Once they decided that LiquidPlanner was the best tool for their organization, Nation and his team had to figure out how to get everyone on board and using it. According to Smith, the LiquidPlanner video tutorials played a key role in their decision. “The help videos are really amazing. None of the other tools we evaluated had anything like them. The videos made it easy for our staff to teach themselves. Some project management tools make you feel like you need to have a PMP after your title, which can be paralyzing for some people. LiquidPlanner eliminates that pain point and makes it easy for anyone to simply start entering their tasks.”
They say a picture is worth a 1,000 words. Well, that’s precisely what LiquidPlanner does for me and my team.
TRAVIS NATION, DEPUTY CIO
LiquidPlanner has also changed the dynamic for how the Puget Sound IT group functions as a team. “LiquidPlanner has fundamentally changed the way we have meetings. Now we just pull up our workspace during our daily stand-up and run through our work breakdowns. What are our major tasks? How will we divide up our tasks? What are the dependencies? There’s no longer a need to have a dedicated project manager sitting in the office figuring it out. Instead our people are doing and managing their own work which promotes collaboration and ownership for everyone involved,” says Nation.
As with any IT department, demand for technology resources is always high. Transparency into the full portfolio, as well as the resources attached to those projects, not only helps managers prioritize tasks, it also helps communicate those priorities to the C-suite. “It’s hard to put into words exactly how powerful it is when I’m able to open our LiquidPlanner workspace and show the president and cabinet exactly what we’re working on. They say a picture is worth a 1,000 words; well that’s precisely what LiquidPlanner does for me and my team.”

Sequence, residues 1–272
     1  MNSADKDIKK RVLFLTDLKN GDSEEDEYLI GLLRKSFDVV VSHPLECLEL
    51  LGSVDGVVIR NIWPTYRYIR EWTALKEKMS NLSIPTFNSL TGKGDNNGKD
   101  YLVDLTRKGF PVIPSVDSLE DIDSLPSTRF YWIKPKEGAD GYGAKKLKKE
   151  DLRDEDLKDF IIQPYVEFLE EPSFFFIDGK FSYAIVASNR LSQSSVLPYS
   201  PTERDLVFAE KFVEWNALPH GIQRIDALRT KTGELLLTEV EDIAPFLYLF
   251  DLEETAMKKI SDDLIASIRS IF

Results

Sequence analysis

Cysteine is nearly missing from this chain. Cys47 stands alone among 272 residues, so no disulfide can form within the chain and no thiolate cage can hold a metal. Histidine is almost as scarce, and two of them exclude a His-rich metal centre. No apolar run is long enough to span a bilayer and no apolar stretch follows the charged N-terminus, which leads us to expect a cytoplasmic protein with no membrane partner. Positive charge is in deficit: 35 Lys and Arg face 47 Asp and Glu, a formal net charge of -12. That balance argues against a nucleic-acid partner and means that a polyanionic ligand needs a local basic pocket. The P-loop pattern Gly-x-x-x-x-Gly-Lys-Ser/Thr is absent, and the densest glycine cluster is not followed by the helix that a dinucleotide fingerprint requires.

Nation and Smith have also been impressed by how LiquidPlanner handles collaboration. Says Nation, “one of the first things I do in the morning when I get to work is read the most recent comments in our workspace. It’s quite valuable to see what the team has accomplished and you can feel there’s a real sense of progress. The rest of the team can also see that we’re making progress and celebrate those victories. Our team has really embraced the collaboration aspect of the tool – they’re uploading documents, sharing links, and having meaningful conversations. Frankly they’re doing things in the space that I didn’t even know we could do.”
But perhaps the thing they both appreciate most about LiquidPlanner is how it has adapted to the needs of its individual team members. Concludes Nation, “the advantage of LiquidPlanner is that it’s not one size fits all. If you forced the Project Management Book of Knowledge (PMBOK) on people you would be hauled off campus. You have to right-size it and LiquidPlanner has enabled us to do this. What it really does is take all theory off the table and put reality in its place. Now we know what we’re doing, how we are doing it, and when we are going to get it done.”